WNBA players are scattered around the world during the offseason. Between Asia, Australia, and the EuroLeague, players from all 12 teams are competing in over a dozen countries around the world. Click here for an interactive map of the location of WNBA players abroad and see the most recent list below (subject to change, as not all players will be spending the entire winter abroad). Some will come back as others are just leaving, so stay tuned. [Player listing as of November 15, 2012].
Below we have compiled Five Things to Know for WNBA fans who would like to keep up with their favorite players competing abroad while the WNBA is in offseason mode.
1) FROM RUSSIA WITH LOVE
WNBA players love playing in Russia, as 18 current WNBAers are rostered on six different Russian teams (UMMC, Dynamo Moscow, Spartak, Nadezhda, Dynamo Kursk and Chekavata).
UMMC in Yekaterinburg is the class of the Russian League thus far this season, sporting a 6-0 domestic league record [as of Dec, 5, 2012], thanks in large part to a star-studded roster including WNBA MVP's Diana Taurasi (Phoenix Mercury) and Candace Parker (Los Angeles Sparks). Three-time WNBA Champion with the Detroit Shock Deanna Nolan and current Seattle Storm player Ewelina Kobryn are also key contributors for UMMC, while Sue Bird is on the squad's roster but has yet to get any game action as she's recuperating from post-WNBA season surgery.
Crystal Langhorne and Kristi Toliver (Dynamo Moscow), Seimone Augustus, Becky Hammon and Candice Dupree (Spartak), Renee Montgomery and DeWanna Bonner (Nadezhda) and Epiphanny Prince and Temeka Johnson (Dynamo Kursk) are some of the other top WNBA players to be plying their trade in the former Soviet Union during the offseason.
2) TURKISH DELIGHT
Turkey is currently the second most popular destination for WNBA players competing abroad, with 15 WNBAers rostered on nine different Turkish clubs.
Four WNBA players competed on four different Chinese teams last year, but their has been significant growth of WNBA player exports in the Far East this year, with more than double the WNBA players (9) playing for double the amount of teams (9) in China for 2012-13. Additionally, four South Korean clubs have signed WNBA players: Woori Bank Hansea (Nakia Sanford), Shinhan Bank (Cathrine Kraayeveld), Samsung Life Bichumi (Amber Harris) and KB Stars (Lynetta Kizer).
WNBA representation in China has not only doubled in number, but there has been a signficant upgrade in star power. 2012 WNBA Finals Most Valuable Player and U.S. Olympic Team Co-Captain Tamika Catchings, fresh off her first WNBA championship with the Indiana Fever, is playing for Guangdong, while 2011 Rookie of the Year and fellow U.S. Olympic Gold Medalist Maya Moore of the Minnesota Lynx is leading the way for the Shanxi Xing Rui Flames squad.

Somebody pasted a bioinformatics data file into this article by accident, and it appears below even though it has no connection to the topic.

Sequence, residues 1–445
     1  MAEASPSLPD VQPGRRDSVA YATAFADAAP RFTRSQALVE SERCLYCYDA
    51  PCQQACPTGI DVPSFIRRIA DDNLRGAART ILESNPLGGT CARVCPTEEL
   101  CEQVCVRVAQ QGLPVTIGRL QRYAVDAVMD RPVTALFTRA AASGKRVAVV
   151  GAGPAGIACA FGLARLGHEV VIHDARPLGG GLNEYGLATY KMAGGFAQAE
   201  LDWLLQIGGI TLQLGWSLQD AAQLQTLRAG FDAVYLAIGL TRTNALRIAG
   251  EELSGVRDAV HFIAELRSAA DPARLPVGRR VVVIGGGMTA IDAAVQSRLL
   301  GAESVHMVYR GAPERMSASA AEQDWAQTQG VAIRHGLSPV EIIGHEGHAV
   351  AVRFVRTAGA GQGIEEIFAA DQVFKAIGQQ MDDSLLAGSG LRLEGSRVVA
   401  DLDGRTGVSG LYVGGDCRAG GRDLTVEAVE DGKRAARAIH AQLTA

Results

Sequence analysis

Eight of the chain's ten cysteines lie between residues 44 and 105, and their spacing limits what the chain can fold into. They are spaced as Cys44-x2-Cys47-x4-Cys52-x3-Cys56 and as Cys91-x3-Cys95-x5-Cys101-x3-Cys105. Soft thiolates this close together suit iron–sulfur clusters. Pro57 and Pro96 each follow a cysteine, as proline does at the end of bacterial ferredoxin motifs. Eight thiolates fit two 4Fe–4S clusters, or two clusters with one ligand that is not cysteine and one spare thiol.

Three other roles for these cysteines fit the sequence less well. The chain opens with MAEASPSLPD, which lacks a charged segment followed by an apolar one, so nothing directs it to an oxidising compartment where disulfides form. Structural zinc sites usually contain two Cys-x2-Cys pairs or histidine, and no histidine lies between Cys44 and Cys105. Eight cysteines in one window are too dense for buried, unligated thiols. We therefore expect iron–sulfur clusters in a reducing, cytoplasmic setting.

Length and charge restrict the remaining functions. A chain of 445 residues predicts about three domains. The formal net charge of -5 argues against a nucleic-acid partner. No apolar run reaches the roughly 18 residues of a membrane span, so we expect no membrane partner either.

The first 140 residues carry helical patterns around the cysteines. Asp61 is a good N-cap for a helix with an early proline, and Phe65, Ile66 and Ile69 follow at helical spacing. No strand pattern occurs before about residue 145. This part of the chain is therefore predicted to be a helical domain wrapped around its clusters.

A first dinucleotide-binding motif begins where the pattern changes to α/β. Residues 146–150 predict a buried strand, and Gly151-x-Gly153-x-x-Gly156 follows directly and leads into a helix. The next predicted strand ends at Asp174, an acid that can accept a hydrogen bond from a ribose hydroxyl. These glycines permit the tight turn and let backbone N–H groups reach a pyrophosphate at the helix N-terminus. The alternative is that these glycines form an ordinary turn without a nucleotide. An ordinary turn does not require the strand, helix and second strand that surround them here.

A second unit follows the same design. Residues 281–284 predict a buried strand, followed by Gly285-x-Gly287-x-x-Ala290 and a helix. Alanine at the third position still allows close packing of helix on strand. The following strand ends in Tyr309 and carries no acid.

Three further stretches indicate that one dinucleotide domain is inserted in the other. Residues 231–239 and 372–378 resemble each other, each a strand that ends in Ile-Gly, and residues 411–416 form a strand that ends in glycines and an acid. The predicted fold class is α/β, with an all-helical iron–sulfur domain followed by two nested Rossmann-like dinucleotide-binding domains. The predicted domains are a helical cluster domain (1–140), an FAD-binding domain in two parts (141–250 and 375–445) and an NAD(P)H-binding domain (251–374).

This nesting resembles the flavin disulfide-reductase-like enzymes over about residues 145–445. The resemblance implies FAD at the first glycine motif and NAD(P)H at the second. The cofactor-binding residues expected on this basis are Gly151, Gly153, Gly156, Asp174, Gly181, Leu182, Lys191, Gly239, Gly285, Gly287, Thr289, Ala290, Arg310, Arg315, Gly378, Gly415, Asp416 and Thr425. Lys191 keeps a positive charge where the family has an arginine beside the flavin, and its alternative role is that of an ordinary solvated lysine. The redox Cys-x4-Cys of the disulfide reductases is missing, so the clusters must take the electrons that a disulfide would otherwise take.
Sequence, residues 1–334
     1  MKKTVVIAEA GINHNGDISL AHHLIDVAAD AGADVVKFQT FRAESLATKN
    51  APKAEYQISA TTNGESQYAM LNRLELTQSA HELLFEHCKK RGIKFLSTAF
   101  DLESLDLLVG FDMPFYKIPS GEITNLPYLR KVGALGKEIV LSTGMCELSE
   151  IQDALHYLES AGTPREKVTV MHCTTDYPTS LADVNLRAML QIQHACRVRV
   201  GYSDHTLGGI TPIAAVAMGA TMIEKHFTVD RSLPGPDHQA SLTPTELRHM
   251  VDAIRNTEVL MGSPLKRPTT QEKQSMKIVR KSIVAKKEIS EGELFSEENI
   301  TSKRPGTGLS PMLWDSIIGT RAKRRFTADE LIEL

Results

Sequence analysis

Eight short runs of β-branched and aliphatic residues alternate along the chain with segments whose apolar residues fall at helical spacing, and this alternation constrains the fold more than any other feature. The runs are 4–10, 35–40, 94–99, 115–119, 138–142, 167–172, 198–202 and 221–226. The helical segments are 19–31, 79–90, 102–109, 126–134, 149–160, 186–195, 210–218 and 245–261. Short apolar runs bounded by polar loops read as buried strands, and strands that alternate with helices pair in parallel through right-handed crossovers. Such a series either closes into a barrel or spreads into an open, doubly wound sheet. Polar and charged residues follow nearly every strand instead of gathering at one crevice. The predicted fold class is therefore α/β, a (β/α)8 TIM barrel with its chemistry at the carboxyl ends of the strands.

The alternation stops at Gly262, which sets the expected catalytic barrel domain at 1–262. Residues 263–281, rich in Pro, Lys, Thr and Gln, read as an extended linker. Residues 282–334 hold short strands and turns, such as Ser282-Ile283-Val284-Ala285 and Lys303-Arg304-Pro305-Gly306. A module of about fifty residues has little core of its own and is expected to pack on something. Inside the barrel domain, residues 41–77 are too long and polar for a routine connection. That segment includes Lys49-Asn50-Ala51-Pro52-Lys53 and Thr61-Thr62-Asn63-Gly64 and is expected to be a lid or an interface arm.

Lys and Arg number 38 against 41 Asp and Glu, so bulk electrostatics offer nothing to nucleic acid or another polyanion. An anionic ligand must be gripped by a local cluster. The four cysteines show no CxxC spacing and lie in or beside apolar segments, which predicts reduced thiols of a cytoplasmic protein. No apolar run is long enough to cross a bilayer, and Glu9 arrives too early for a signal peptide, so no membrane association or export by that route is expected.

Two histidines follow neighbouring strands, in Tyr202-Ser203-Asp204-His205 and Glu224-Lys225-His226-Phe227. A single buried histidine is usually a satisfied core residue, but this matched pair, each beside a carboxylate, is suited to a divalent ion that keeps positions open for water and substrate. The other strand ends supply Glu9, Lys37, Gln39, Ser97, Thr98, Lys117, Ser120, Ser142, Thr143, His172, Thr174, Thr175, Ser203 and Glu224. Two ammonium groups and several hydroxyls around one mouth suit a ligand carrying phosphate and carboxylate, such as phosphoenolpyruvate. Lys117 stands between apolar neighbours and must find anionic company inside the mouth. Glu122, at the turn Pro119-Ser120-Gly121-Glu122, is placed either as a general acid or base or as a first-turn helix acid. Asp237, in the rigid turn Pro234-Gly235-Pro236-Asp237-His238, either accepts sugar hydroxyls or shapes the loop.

4) ONE LEAGUE, TWO LEAGUE, RED LEAGUE, BLUE LEAGUE
Fans of WNBA players competing abroad during the WNBA offseason may find themselves with a case of "league fatigue" when faced with all the different leagues featuring their favorite WNBA stars.
Here's a quick explanation.
Most WNBAers are playing for teams that compete in the domestic league of the country they are playing in. So, Parker and Taurasi are playing in the Russian League and McCoughtry and Pondexter are in the Turkish League. The European teams, however, are ALSO competing in a larger, and in many respects more competitive and more prestigious league called the EuroLeague, which pits the top domestic teams from individual countries (ie. UMMC in Russia and Fenerbahce in Turkey) in a European wide tournament.
Fans of college basketball can think of it like Brittney Griner and Baylor University compete in the Big 12 where they face conference foes in pursuit of a conference championship. Additionally, Griner and Baylor will appear in the NCAA tournament, where the top teams in each conference are matched up in tournament crowning the best of the best as the National Champion. The domestic European leagues are akin to the conferences, while the EuroLeague is similar to the NCAA Tournament, including a Final Four.
5) HOME IS WHERE THE HEART IS
While the vast majority of WNBA players competing abroad are doing so in a foreign land, there are a few players who are actually going home to play during the WNBA offseason.
Three-time WNBA MVP Lauren Jackson has signed with the Canberra Capitols in her native Australia and while Jackson has not yet played for Canberra due to injury, they are happy to have her Down Under. Fellow Aussie Jenna O'Hea of the Los Angeles Sparks also headed home, where she is playing for Dandenong Rangers.
The Atlanta Dream's Erika de Souza and Washington Mystic Izzy Castro-Marques are also in familiar surroundings during the WNBA offseason, as de Souza is playing at Recife and Castro-Marques at Maranhao, both in their native Brazil.